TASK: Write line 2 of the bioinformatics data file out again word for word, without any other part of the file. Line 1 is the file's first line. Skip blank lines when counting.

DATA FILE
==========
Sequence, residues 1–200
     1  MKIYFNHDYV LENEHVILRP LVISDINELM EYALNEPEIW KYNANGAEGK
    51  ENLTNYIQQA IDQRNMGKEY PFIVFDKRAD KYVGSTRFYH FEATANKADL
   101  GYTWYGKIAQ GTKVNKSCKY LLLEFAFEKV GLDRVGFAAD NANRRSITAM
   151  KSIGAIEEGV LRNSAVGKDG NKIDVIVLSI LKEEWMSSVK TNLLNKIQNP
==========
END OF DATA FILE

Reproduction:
     1  MKIYFNHDYV LENEHVILRP LVISDINELM EYALNEPEIW KYNANGAEGK